Overuse Injuries: Common problems
for young baseball players

Skeletally immature (growing) athletes are susceptible to unique elbow injuries that occur as a result of repetitive throwing. These pediatric elbow injuries are common and are often caused by stressing the joint too much, too frequently, or with poor technique. Injury can occur to the growing bone and to articular cartilage, as well as to the muscles, tendons, and nerves.

The weak link in a skeletally immature bone is the growth plate, or growth center (Fig. 1), that part of the bone where growth occurs and, consequently, a frequent site of chronic overuse injury. Injury to the growth center can cause pain, deformity, or shortening. The term Little League elbow, somewhat generalized and overused, is applied to many different types of elbow injuries and diagnoses.

Medial elbow injuries
The medial (inside) aspect of the elbow is subjected to tremendous force in baseball (Fig. 2). During the throwing motion, tension develops over the medial aspect of the elbow, often causing pain and injury. The growth plate on the medial side can experience a spectrum of injuries, ranging from stress fractures to complete fracture with avulsion (the tearing away of a part of bone from its attachment point) and displacement of the bone. Young throwers often experience decreased throwing performance, usually followed by pain and swelling of the elbow and an inability to completely straighten the joint. In addition, the patient may experience tenderness on the inside of the elbow. Symptoms may be exacerbated by continued throwing. X-rays can reveal widening of the growth plate or complete avulsion with separation. Because every child is at his or her own unique stage in growth and development, x-rays of the uninvolved elbow should always be obtained for comparison.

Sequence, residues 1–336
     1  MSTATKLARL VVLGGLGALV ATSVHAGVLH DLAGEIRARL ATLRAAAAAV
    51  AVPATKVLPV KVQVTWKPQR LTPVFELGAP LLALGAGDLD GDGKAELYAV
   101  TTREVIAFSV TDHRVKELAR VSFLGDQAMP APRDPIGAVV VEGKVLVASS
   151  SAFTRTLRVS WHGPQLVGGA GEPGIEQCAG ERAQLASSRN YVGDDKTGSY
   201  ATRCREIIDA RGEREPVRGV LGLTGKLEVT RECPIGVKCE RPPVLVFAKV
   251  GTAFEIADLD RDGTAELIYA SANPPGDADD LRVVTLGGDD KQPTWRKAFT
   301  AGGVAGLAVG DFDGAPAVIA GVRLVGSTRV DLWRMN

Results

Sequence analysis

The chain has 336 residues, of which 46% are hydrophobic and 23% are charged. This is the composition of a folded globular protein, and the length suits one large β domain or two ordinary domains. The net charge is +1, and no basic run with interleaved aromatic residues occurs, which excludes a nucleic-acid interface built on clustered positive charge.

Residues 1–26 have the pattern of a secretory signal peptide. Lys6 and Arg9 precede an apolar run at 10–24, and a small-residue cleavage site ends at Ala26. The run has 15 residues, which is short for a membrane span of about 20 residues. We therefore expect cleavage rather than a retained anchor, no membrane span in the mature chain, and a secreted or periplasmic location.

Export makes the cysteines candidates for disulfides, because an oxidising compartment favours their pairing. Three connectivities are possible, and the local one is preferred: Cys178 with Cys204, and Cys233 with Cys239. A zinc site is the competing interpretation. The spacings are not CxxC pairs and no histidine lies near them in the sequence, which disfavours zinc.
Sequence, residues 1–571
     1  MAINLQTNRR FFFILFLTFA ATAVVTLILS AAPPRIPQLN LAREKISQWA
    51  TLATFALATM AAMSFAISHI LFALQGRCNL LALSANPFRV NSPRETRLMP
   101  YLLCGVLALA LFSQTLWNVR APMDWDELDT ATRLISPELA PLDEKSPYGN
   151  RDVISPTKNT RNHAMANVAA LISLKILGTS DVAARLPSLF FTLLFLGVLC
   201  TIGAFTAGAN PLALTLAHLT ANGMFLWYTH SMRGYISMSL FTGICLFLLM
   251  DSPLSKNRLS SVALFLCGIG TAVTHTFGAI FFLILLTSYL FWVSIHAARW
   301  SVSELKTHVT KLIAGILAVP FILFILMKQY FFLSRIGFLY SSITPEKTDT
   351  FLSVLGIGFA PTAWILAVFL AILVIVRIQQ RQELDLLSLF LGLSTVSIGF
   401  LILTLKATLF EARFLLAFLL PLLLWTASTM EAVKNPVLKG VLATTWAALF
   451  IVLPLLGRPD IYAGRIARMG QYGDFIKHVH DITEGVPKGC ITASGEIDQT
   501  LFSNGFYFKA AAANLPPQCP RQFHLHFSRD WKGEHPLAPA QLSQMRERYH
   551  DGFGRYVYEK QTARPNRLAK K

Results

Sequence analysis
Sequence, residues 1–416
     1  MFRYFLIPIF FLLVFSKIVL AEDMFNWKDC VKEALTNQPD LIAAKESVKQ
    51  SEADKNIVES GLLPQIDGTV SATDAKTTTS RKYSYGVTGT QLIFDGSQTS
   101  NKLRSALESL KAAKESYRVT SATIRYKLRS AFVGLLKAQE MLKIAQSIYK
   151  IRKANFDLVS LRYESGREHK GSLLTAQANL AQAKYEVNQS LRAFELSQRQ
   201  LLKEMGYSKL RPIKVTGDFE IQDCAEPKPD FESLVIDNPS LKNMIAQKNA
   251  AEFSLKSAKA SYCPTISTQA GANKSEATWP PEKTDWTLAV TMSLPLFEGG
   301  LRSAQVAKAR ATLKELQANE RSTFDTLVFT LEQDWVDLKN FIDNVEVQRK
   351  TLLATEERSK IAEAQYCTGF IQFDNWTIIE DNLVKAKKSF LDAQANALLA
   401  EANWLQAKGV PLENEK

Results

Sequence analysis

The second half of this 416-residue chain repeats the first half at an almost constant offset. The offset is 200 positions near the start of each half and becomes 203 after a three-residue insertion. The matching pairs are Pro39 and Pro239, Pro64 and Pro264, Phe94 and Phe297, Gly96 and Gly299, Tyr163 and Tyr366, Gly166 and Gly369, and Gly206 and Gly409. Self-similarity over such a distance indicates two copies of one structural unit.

Conservative treatment for medial elbow growth plate injuries includes rest, immobilization, and reconditioning with a gradual return to throwing. Surgery may be necessary for significantly displaced bone fragments.

Osteochondritis dissecans
Repetitive throwing causes compressive forces on the lateral (outside) aspect of the elbow, which, over time, may compromise the blood supply to the articular cartilage and underlying bone. Known as osteochondritis dissecans, this condition is usually seen in 10- to 14-year-old patients. The patient typically complains of pain on the outside of the elbow. Loss of motion, particularly when the elbow is being extended, is also common. Swelling and locking of the joint may also occur. X-rays will usually show the area in question and can assist in the diagnosis. Conservative treatment, to include cessation of sports, immobilization, maintenance and regaining of range of motion, is indicated if the involved segment of bone remains in its normal location and there are no other signs of loose particles within the joint. Surgery, however, may be indicated if (1) loose particles exist within the joint, (2) the involved bone segment has separated, or (3) conservative treatment has failed. Most patients can expect a full return to activity.

Avulsion and stress fractures
The posterior (back) aspect of the elbow is also subjected to significantly increased forces during throwing and, like the medial side of the elbow, can experience injuries ranging from stress fractures to avulsion fractures. The patient may experience pain in the back of the elbow as well as increased discomfort when attempting to extend the elbow against force. X-rays show changes, particularly a widening or fragmentation of the growth center (Fig. 3). Treatment consists of immobilization until the pain and tenderness have resolved. If, however, the fracture fragment has shifted away from the bone, surgery may be required to replace it.

Prevention is the key to protecting young, throwing athletes. Educating the athlete as well as coaches and parents is critical. Proper training with respect to technique and limiting the number of pitches per week should be encouraged.

David C. Rehak, MD
Columbus, Georgia

Further Reading:

  • Hutchinson M, Ireland M. Overuse and throwing injuries in the skeletally immature athlete. American Academy Orthopaedic Surgery Instructional Course Lectures. 2003;52:25-36.
  • DeSalva E, Williams J, Fidelly P, Holsten M, Urledge M. Pediatric throwing injuries about the elbow. The American Journal of Orthopaedics. 1998;(Feb): 90-96.